Bluefin Too
Yurt was also there to weigh some of the first giant bluefin tunas caught on rod and reel in the Gulf by anglers such as the late Guy Billups and his captain, Jim Lunsford, who started fishing for them in the late ’60s on Billups’ 41-foot Hatteras, Buddie B. Having spent the first part of his long career targeting bluefins in the Bahamas with top Florida anglers, Lunsford says, “You don’t target bluefins in the Gulf so much as happen upon them.”

With the exception of club member Myron Fischer, whose wife, Darlene, caught a then club record 891-pounder in May of 1981, few Gulf fishermen target bluefin. Although Japanese longliners once targeted bluefins from January to May in the deep water of the middle Gulf, the fish are not accessible in the northern Gulf until around Memorial Day, which is when the warm, blue Gulf Stream water (Loop Current) is closest to shore. And so it was during a Memorial Day event in 1968 that Lunsford and Billups spotted a school of giants busting schoolie dolphin on a rip, catching not one but three fish that day. “Tuna fishing is different than in the Bahamas, where you ambush them,” Lunsford explains. “Here, you gotta get in front of them.” After spotting the school in that 1968 tournament, Lunsford instructed his mate to pull in the teasers and load a couple of 130s with the bonefish baits he kept on board for just such occasions. Swinging in front of the fast-moving school, Billups fed the bait back and hooked a 588-pounder and fought it to the boat. With fellow anglers taking turns, they were able to keep up with the school, catching a 431- and 434-pounder that day, Lunsford says. Not long afterward, Jack Brown caught his 859-pounder.

The Turn to Lure Fishing
In 1970, Pacific blue marlin specialist Steve Zuckerman of California accepted an invitation to fish out of South Pass with Guy Billups on Buddie B. During that trip, Zuckerman produced a handful of Hawaiian-made high-speed lures and convinced Billups and Lunsford to give them a try. “He gave me a couple of his lures, which we tried and had a marlin come up and swat, but like most fishermen in the Gulf, we were more comfortable pulling mullet, ballyhoo and mackerel,” Billups says. Thus, modern-day lure fishing did not arrive in the Gulf until several years later, when pioneering plastics fishermen like Bob Byrd Sr. of Texas and Capt. Roger Greene of Louisiana started experimenting with lures.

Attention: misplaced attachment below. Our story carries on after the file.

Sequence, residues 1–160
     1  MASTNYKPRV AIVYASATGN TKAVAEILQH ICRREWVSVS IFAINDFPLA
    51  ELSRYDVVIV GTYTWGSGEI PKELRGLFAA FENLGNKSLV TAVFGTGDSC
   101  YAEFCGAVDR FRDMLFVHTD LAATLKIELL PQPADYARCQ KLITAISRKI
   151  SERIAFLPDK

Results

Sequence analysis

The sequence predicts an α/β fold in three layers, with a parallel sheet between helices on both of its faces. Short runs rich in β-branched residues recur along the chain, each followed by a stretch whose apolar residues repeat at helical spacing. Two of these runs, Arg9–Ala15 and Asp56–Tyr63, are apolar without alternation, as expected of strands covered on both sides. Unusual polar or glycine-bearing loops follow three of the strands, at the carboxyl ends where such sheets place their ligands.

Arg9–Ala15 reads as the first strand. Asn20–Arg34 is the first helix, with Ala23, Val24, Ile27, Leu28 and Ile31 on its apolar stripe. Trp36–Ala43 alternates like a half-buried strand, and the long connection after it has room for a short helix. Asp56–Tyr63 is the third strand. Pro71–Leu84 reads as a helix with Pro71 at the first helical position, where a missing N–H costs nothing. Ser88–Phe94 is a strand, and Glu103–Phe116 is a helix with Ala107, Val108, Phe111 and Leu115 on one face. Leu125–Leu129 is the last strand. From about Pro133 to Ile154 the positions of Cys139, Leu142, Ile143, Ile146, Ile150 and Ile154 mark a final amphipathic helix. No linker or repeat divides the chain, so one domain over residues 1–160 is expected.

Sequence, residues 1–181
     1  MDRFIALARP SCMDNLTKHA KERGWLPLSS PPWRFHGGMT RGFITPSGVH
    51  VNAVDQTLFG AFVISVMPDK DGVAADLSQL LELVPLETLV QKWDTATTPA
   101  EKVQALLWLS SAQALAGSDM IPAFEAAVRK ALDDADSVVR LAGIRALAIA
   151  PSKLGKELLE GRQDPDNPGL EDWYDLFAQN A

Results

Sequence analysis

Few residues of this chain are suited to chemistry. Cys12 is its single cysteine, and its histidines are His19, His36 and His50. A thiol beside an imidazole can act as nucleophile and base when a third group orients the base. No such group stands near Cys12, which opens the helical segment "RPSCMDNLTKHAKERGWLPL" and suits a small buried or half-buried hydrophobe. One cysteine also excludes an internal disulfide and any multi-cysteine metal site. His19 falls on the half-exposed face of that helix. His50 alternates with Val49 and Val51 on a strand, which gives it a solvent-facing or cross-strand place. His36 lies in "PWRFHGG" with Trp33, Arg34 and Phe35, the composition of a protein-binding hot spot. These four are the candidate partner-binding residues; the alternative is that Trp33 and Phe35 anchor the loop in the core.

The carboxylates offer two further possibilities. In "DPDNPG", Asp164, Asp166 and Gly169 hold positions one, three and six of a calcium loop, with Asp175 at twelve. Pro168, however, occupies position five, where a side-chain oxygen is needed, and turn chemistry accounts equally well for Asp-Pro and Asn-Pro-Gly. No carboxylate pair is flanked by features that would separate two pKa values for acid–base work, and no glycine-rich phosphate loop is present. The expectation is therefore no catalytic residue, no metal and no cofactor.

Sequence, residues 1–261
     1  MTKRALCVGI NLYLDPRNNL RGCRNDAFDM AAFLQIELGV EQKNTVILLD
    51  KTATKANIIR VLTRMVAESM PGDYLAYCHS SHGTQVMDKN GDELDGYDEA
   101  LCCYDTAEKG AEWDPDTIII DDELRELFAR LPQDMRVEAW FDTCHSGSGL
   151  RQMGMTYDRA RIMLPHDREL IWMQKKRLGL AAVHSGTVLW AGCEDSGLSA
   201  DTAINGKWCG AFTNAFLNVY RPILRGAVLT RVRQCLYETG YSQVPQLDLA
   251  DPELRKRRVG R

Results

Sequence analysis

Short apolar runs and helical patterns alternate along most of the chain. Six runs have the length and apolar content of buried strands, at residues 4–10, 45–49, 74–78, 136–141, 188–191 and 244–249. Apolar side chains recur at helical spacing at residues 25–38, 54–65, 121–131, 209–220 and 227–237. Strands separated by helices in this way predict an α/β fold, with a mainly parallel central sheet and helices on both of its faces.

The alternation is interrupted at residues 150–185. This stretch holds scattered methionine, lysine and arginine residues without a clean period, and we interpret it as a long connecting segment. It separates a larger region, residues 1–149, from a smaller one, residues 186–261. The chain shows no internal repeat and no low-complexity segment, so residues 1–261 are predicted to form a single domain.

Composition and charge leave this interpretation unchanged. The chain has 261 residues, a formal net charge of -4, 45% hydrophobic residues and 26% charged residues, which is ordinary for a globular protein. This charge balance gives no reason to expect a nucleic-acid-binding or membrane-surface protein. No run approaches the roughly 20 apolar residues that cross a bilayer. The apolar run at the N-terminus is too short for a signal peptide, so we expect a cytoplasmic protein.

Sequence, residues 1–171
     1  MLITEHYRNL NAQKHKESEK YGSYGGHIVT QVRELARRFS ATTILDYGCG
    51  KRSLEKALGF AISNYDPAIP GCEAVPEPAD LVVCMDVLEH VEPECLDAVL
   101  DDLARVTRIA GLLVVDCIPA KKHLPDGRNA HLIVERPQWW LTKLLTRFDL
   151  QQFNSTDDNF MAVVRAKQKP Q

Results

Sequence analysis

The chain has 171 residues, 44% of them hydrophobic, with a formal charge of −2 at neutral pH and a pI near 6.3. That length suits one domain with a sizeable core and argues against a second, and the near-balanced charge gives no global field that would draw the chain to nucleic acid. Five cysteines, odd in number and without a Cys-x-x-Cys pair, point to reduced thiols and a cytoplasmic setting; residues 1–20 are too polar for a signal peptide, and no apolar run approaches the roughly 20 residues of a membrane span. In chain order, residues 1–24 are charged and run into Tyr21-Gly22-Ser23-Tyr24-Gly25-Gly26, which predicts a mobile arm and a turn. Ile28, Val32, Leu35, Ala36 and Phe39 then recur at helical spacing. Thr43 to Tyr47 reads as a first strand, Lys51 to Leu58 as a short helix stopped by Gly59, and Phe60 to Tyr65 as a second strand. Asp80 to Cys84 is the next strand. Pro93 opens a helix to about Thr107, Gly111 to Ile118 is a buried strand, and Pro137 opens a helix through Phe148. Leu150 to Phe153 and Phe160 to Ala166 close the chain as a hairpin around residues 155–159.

Both had caught blue marlin off Kona, Hawaii, and brought lures home to try, but because of his success dominating major Gulf Coast tournaments — with Tommy Faust on the 42-foot Bertram Isabel and Archie Lowery on the 42- and 54-foot Bertram Archie’s Invader — Greene became the acknowledged godfather of high-speed trolling on the East Coast. Writing prior to his death in 2009 about his early experiences with artificial lures, Greene said that he first used artificials in the Gulf in 1976 with Faust. After refining their technique, “we made a total commitment to lure fishing in 1977,” Greene said, and he won the NOBGFC’s Top Club Angler trophy for the second year in a row. The turning point in Greene’s conversion from bait to lures came just before the New Orleans Invitational, after a chance meeting with the late Henry Yap at Frichter’s Sportsman’s Haven in Chalmette, Louisiana. The ailing Kona lure maker had moved to New Orleans to be near his daughter that year and had left several dozen of his Yap lures at Frichter’s to sell on consignment. “A small, grizzled, dark-skinned man, Yap had the presence of a man who’d been there,” Greene recalled. After talking lures and techniques, at which point Yap said that he used light mono leaders lure fishing because “tuna don’t chew,” Greene walked out with a half-dozen taper-headed Yaps that led to his winning his third consecutive New Orleans club championship. “Every blue marlin over 600 pounds that I’ve ever caught was taken on a Yap, including Archie Lowery’s 738-pounder in 1980,” Greene said. Thanks to the dominance of lure-pulling teams like Greene’s Archie’s Invader and Texan James Roberts’ Renegade, in contests from the Gulf Coast to the Bahamas, the popularity of high-speed fishing with lures surged among the big-game fishermen of the East Coast in the ’80s. “Before long,” Greene said, “everyone was copying the Yap, including me and my brother, Joel.” The Frichter brothers (www.theoriginalfrichterlure.com) eventually bought Yap’s molds, and they continue to build and sell them today.